In this video, two Orthopedic Surgeons, Dr. Howard J. Luks and Dr. Jeffrey H. Berg, talk about MRIs, Cortisone Shots and surgery for Tennis Elbow. (From their video podcast series “Two Boneheads.”)
Video: Two Orthopedic Surgeons, Dr. Howard J. Luks and Dr. Jeffrey H. Berg, talk about Tennis Elbow causes, diagnosis and treatment.
Watch the video on Dr. Luk’s YouTube Channel
Or on Dr. Berg’s Channel (same video)
This is a refreshingly candid discussion in accessible terms, revealing some unexpected perspectives and even slaughtering a sacred cow or two, and I felt strongly it deserved an article!
These Doctors address the questions of:
- What is Tennis Elbow?
- Are Cortisone Shots a good idea?
- Is an MRI of the elbow needed for diagnosis?
- Is surgery needed to treat Tennis Elbow?
- And who benefits the most from Tennis Elbow surgery?
Dr. Luks opens by stating that Tennis Elbow is so common and pervasive that, according to some, pretty much everyone can expect to experience it at some point in their life.
Dr. Berg immediately whacks the biggest sacred cow: The Inflammation MTYH by dispelling the pervasive idea that this condition, often still referred to as Lateral EpicondylITIS, is primarily a form of TendonITIS, an inflammatory condition:
“there may be some inflammation present the primary problem is one of degeneration of the tendon… You get some microscopic tearing and degeneration and all that causes pain”
Jeffrey H. Berg, MD
“…the primary problem is… degeneration”
I’ve been harping on this fact since the early 2000s when I discovered the research work of Dr. Robert Nirschl online, stretching back to the 80’s and 90s Elbow Tendinosis – Nirschl Surgical Center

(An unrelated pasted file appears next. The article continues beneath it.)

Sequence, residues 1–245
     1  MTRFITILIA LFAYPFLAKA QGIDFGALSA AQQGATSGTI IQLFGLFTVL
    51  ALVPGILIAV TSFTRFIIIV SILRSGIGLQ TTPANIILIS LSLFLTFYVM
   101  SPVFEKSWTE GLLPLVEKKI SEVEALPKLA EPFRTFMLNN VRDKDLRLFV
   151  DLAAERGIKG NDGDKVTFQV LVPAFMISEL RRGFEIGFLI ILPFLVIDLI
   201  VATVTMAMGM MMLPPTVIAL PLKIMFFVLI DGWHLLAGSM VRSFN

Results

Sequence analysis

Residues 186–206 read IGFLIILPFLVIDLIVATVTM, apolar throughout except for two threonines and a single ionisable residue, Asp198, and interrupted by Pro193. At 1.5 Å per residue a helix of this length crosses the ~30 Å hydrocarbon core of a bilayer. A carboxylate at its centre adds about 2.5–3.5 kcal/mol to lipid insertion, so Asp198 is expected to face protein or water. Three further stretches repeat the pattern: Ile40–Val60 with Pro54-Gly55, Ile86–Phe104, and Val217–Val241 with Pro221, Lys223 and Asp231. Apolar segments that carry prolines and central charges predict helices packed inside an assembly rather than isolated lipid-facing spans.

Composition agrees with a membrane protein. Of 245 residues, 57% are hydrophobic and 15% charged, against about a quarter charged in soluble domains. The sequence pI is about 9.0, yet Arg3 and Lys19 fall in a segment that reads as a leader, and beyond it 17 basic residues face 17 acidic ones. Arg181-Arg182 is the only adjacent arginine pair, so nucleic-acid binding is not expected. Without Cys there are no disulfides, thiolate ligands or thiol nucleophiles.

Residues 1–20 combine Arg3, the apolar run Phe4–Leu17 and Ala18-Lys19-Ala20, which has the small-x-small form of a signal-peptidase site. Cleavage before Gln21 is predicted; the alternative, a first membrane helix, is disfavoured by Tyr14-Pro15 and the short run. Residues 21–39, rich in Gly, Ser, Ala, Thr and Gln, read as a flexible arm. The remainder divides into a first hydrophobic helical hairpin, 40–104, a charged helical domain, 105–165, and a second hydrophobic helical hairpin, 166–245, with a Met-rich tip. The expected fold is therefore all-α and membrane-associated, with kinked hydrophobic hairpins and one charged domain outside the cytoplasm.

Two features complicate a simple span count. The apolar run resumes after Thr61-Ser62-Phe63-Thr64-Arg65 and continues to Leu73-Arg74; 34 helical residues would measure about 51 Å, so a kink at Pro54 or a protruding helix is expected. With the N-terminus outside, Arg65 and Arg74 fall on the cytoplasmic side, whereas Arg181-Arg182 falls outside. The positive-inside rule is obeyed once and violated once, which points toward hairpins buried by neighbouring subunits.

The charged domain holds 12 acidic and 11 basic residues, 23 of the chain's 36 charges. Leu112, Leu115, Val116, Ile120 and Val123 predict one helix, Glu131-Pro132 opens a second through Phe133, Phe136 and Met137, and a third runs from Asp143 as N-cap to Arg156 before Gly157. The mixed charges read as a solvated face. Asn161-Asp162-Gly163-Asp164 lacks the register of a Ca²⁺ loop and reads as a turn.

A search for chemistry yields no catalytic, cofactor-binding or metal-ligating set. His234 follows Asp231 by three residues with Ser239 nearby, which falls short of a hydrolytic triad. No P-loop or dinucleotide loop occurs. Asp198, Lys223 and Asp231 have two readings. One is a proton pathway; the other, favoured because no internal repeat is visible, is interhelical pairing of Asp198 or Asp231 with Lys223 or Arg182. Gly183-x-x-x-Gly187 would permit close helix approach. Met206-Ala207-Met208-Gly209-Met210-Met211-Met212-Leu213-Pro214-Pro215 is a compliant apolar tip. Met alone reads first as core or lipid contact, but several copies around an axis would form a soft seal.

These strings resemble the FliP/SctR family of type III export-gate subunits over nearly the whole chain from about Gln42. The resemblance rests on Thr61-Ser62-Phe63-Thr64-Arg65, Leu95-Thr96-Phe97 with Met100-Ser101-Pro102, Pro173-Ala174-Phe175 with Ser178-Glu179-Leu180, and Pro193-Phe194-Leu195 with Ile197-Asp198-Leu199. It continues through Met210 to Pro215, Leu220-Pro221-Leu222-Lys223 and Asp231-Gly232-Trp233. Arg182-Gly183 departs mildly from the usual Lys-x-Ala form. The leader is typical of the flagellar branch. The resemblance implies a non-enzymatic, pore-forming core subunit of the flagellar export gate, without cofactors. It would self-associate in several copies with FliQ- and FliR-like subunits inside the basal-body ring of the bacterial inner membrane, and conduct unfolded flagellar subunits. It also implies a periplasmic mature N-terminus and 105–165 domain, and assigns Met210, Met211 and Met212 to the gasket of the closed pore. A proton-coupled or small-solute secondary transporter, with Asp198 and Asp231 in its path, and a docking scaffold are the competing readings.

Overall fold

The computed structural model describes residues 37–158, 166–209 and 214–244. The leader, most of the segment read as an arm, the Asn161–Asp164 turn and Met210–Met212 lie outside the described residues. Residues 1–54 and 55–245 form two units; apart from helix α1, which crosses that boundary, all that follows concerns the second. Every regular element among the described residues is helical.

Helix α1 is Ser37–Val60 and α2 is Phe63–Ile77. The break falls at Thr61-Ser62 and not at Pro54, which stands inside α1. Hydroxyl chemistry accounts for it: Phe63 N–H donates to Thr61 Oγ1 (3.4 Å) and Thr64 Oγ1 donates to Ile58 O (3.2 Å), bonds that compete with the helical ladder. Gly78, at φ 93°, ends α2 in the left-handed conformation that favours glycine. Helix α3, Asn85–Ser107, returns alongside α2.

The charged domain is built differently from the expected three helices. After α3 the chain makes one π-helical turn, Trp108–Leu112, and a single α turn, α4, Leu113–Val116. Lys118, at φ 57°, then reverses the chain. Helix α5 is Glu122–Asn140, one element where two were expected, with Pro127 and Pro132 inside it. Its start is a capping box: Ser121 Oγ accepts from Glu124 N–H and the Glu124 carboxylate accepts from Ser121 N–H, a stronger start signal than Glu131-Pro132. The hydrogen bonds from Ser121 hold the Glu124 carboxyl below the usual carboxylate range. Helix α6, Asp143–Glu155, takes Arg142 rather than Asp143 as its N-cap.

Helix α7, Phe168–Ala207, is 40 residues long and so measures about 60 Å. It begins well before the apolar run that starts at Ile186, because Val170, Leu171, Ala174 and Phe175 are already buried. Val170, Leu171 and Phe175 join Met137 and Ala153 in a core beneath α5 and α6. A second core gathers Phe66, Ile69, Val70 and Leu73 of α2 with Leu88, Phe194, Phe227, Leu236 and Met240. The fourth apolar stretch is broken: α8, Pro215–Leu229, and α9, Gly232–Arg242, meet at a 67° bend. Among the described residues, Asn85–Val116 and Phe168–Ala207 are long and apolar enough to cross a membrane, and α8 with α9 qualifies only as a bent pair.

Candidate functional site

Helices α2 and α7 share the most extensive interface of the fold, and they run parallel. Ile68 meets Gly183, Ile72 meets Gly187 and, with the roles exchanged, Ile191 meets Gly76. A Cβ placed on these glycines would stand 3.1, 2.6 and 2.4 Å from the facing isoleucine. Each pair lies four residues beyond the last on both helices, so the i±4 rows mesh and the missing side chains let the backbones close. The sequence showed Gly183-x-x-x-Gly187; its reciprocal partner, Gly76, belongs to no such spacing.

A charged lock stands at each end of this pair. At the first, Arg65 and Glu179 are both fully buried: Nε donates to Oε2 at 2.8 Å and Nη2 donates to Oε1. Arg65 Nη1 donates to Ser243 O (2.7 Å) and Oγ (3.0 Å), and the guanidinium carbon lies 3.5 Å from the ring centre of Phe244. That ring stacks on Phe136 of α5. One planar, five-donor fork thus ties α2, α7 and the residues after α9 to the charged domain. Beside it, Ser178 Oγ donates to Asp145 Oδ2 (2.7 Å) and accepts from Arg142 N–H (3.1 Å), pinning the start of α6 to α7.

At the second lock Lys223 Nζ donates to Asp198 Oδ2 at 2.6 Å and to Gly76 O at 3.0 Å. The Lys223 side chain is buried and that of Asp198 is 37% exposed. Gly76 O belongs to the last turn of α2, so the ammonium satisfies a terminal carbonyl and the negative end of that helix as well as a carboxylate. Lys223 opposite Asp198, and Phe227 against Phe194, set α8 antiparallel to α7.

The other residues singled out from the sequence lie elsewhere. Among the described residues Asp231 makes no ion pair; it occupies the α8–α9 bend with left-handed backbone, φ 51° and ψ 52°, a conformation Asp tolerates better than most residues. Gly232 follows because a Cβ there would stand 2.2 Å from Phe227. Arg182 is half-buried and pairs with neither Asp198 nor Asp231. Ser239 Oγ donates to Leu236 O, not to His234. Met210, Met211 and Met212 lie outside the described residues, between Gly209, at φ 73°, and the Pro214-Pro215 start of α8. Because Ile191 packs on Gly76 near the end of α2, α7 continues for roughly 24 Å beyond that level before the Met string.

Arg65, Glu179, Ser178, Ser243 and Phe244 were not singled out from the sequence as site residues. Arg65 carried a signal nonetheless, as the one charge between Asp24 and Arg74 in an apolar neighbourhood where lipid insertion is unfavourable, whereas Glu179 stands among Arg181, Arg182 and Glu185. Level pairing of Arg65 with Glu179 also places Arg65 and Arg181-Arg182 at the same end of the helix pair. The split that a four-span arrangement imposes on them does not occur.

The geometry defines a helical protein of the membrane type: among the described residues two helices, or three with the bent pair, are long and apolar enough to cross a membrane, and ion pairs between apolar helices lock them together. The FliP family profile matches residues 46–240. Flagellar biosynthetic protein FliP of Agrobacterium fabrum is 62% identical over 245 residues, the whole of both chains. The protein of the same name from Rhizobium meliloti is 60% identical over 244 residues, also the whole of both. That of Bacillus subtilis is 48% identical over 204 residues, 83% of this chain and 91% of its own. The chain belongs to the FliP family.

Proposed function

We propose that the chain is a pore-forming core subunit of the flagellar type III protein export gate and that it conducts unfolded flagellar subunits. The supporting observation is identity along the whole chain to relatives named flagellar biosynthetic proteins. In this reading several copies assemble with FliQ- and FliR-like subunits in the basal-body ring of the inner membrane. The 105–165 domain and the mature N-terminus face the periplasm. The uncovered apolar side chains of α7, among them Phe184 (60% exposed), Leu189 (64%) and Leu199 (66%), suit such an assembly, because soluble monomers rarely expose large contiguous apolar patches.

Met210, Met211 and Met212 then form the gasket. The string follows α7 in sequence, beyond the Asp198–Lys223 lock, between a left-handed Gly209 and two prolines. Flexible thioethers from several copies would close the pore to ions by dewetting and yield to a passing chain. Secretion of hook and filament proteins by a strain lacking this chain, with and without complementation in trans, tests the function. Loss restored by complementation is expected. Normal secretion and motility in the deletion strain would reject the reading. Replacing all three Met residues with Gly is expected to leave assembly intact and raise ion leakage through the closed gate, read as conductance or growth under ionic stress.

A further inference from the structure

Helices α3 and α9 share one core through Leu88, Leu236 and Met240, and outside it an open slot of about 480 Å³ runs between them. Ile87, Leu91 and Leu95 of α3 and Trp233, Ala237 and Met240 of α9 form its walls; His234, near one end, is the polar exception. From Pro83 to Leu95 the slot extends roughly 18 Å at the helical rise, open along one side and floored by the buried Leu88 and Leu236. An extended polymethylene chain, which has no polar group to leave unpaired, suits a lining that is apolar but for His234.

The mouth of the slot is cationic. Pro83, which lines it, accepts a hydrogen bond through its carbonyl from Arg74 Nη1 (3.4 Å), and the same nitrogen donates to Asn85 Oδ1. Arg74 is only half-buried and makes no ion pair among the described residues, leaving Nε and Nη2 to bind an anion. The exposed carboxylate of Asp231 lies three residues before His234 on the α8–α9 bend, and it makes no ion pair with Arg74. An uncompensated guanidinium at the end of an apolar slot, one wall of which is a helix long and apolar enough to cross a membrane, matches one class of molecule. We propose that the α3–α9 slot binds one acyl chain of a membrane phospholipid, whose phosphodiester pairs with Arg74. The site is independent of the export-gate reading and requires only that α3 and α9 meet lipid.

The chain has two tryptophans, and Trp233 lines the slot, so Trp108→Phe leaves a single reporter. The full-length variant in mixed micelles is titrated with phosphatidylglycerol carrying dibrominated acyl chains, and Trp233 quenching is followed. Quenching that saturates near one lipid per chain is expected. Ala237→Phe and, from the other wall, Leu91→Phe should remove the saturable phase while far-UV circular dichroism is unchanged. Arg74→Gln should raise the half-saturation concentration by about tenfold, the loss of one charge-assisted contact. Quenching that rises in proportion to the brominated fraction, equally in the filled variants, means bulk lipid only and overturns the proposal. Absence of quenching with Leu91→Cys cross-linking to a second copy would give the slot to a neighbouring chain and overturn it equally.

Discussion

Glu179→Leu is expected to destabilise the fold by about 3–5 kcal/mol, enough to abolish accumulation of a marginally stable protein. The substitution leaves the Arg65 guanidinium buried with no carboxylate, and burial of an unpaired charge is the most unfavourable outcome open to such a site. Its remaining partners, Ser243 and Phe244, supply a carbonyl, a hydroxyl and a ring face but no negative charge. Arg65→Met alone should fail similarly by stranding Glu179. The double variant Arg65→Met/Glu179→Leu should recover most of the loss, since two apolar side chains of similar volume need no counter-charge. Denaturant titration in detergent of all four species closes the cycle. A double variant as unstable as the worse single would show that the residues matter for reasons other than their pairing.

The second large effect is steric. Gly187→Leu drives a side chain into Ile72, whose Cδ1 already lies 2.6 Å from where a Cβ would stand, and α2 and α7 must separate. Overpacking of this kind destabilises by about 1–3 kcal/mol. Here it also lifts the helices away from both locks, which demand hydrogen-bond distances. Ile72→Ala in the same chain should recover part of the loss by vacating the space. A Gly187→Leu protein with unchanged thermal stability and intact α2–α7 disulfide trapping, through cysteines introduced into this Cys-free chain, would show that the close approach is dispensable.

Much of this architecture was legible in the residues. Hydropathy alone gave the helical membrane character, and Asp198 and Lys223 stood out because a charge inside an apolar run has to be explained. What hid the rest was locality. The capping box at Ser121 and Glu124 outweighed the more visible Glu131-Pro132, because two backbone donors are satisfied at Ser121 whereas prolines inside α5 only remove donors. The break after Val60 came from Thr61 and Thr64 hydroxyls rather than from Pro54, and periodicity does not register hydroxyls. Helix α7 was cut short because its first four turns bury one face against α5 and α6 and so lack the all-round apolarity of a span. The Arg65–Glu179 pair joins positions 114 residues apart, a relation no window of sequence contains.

Tendinosis is the proper, modern clinical term for a chronic (persistent / long term) degenerative tendon disorder.
Puddu, et al, is credited with coining the term ‘Tendinosis’ in 1976 in this paper on Tendinosis on PubMed
Orthopedic Surgeons, like Drs Luks and Berg, are intimately aware of this, They see it firsthand – But your primary care Doctor, (whom you will very likely see first) may not.
Sure, you may be thinking, but how important is this distinction really? (It’s critical.)
This distinction, between the outdated, incorrect classification of Tennis and Golfer’s Elbow as Tendonitis (inflammatory) – And the correct one; Tendinosis (degenerative – Largely NOT inflammatory)…
IS the major fork in the “treatment road” that sufferers of these tendon problems need to be aware of and choose the right direction to take.
You take one path, the “Inflammation Fighting” / “Symptom Chasing” road – (The Triple Trap of anti-inflammatories, icing and braces ) – and, together with some passive rest, you feel a little better for awhile but all too often end up much worse off several months later…